A Maryland teenager wants to inspire more girls to study computer science.

Grace Brehm, 17, had a knack for technology and computer science from a young age. He even wrote a book that was released in early July to educate more teenagers about the field.

“I think my dad was an engineer and he always talked to us about circuits and I always wondered how things worked,” Brehm said.

She took that interest with her to Notre Dame Preparatory School and joined the cybersecurity club her freshman and sophomore years, but was disappointed with the attendance.

“Unfortunately, there wasn’t a lot of interest in the club at my school, even though there are, like, 600 students who can join the club — only about 10 or 15 students are actually in the club,” Brehm said.

Just down the street at the all-boys Loyola Blakefield, Brehm said the cybersecurity club is one of the largest of its kind in the area.

“He has over 100 students participating, which was really a big change from the NDP’s only 10 students,” Brehm said.

So, in her junior year, Brehm joined Loyola’s club and became the only girl on the team. She made it her mission to find out why more girls aren’t interested in computer science.

“There just aren’t a lot of resources that are geared toward women. Like, textbooks usually use more stereotypical men, the colors are black and red and black and blue, and there just aren’t a lot of female role models in the field. Which is really unfortunate,” Brehm said.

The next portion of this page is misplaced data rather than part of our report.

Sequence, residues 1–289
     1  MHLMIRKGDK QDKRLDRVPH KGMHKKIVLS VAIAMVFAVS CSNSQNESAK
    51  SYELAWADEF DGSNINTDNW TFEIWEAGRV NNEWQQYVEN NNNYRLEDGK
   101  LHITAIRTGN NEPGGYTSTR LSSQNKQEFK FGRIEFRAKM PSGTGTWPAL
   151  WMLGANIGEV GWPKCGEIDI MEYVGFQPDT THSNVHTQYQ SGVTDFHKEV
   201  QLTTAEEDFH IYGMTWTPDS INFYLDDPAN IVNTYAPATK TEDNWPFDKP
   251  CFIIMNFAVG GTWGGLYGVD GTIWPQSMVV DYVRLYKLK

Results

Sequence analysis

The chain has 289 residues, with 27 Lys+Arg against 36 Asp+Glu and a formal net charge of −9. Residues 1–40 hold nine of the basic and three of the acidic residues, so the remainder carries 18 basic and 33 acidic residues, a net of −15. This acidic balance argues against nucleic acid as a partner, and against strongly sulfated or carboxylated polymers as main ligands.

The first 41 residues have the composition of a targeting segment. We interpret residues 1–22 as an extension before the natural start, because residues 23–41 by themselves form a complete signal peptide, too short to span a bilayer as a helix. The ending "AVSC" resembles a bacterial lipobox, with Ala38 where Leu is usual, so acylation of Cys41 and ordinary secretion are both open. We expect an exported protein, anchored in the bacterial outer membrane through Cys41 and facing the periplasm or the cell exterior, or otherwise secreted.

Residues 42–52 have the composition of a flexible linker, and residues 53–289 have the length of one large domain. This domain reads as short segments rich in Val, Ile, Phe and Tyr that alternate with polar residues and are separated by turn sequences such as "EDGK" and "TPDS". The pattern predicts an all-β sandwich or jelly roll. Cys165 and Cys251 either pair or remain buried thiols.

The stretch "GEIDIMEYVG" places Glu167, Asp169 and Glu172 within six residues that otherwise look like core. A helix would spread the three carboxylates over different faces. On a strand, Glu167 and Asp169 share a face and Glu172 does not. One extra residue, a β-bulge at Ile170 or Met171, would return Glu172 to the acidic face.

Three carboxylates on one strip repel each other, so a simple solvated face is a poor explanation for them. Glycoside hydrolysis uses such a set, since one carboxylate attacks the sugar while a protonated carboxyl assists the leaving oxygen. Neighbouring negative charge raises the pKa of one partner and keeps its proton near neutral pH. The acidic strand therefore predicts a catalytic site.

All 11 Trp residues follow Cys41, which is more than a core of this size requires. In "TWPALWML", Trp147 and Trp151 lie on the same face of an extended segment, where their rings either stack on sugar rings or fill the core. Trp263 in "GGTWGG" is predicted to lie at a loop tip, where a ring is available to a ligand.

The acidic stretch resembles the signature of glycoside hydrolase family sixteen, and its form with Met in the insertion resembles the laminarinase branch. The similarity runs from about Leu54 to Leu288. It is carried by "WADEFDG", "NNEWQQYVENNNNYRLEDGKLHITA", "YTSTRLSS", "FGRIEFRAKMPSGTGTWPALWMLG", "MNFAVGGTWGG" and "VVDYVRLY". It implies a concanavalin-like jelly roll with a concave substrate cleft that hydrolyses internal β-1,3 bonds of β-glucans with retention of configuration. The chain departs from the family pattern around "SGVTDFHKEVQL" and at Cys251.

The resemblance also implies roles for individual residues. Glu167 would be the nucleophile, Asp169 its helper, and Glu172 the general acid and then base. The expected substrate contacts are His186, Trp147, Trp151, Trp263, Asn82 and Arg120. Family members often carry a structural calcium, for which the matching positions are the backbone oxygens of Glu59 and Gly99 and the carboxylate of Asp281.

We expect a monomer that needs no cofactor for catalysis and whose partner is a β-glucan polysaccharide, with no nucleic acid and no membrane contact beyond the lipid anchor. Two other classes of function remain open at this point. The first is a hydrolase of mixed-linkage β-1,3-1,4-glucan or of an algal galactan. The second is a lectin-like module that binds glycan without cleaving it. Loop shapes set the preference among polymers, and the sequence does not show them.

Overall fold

So, he set out to change that. The teenager wrote and published the book “An Introduction to Computer Science for Young People”, which shares some basics about the field.

“On the cover of the book, I chose colors that are stereotypically masculine and feminine — so, red, blue, purple — and things that I should try to get everyone involved. I also chose to include the stories of some very important women leaders,” said Brem. “Hopefully it will definitely inspire a lot of people, and hopefully girls, to get on the field, and hopefully they’ll see me and think that they can do something and that they can make a change.”

Watch the video above for the full story.

Maryland student’s book encourages girls to take computer science Source link Maryland student’s book encourages girls to take computer science